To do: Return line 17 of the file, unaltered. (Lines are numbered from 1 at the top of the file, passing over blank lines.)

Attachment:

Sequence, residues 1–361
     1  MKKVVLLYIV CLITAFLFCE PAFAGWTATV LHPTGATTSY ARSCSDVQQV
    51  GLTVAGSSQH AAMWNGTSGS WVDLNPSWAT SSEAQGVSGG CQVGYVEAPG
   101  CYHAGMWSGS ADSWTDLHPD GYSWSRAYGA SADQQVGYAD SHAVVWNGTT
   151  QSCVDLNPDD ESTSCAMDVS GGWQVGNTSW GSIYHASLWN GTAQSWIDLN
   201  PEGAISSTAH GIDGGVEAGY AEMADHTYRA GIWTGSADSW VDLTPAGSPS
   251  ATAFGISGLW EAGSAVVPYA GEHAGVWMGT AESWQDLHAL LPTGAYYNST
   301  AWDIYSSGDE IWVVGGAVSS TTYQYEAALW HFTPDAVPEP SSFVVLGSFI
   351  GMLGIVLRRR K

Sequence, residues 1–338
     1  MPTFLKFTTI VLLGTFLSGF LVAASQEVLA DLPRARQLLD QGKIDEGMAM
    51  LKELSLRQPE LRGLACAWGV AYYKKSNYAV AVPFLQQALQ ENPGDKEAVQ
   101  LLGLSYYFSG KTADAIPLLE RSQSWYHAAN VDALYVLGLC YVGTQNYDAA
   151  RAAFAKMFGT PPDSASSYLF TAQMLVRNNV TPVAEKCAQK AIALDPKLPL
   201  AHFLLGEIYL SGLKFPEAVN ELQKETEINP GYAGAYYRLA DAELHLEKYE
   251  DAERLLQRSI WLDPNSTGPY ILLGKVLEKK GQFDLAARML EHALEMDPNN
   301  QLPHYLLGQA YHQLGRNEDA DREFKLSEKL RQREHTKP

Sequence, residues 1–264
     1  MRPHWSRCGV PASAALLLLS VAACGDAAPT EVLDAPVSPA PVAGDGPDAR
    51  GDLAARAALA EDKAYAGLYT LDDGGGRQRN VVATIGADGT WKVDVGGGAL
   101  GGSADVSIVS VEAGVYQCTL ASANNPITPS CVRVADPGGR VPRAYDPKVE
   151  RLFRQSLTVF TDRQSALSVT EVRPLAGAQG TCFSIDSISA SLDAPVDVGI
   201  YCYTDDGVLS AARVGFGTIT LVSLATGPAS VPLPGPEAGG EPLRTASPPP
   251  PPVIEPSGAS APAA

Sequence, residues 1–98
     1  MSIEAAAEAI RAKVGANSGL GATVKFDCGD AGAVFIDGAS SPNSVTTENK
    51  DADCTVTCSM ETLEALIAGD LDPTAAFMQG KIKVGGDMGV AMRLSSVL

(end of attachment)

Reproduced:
   301  QLPHYLLGQA YHQLGRNEDA DREFKLSEKL RQREHTKP